Just when you think that Windows 2003 should have solve some of the legacy issues like long folder names that used to plague the NT world, you accidentally stumble into an issue you thought could only exists in the NT world.
I had a service which I wanted to restart, but it refused to started, telling me “%1 Is Not a Valid Win32 Application”. I know of this probem before in the NT world, this was because somehow the services could execute an EXE because it could not recognise “c:\program files\xxx\xxx”. One of the workarounds I did the last time was to change this path to “c:\progra~1\xxx\xxx” and it works, of course.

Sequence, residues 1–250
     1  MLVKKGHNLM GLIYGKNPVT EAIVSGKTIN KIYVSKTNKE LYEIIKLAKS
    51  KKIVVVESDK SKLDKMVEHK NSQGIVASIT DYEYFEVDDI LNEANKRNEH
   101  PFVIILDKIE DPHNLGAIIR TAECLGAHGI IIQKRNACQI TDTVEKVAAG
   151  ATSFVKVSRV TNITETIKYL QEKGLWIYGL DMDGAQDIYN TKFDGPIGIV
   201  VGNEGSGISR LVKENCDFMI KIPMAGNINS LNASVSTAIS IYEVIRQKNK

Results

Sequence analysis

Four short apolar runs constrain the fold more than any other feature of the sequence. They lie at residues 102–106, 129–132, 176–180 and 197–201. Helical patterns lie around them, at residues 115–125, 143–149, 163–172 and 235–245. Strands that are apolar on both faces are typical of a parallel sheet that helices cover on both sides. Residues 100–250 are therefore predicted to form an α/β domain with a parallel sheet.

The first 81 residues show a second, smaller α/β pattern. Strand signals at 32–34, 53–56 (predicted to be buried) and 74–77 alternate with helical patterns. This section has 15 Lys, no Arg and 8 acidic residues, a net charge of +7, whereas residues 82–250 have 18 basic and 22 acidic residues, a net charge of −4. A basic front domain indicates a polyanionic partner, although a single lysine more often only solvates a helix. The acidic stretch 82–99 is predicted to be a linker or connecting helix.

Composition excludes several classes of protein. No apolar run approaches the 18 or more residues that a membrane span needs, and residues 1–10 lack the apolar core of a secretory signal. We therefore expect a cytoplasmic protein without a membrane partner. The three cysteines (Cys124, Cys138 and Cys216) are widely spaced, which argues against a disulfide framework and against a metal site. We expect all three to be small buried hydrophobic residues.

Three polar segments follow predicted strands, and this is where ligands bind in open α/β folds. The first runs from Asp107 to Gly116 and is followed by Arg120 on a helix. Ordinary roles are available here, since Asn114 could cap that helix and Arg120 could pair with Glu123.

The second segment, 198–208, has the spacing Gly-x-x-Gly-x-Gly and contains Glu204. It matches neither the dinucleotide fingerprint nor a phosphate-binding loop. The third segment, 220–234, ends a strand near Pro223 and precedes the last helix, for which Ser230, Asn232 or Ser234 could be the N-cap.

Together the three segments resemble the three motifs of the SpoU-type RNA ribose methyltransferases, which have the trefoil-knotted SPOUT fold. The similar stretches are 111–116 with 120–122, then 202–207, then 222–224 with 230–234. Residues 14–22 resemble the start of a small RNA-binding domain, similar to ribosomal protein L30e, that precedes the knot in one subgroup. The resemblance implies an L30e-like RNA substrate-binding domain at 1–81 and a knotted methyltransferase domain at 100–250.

But I was still puzzle why a W2K3 machine would behave like this suddenly. Anyway, I found that that I have ran a batch script previous which redirected data into c:\program files\xxxx\xxx.txt file. This don’t work in the batch file if you don’t surround this with a quotes and it created a file call “Program” in C:\ instead.
Apparent the engine that evokes services will not recognise a valid C:\program file\ path if a file called “program” is in C:\. Yes, deleting the file resolves my problem, but I am still baffled why Windows 2003 still cannot interpret a space in the folder path properly after all these years.
Here is the KB: http://support.microsoft.com/kb/812486/en-us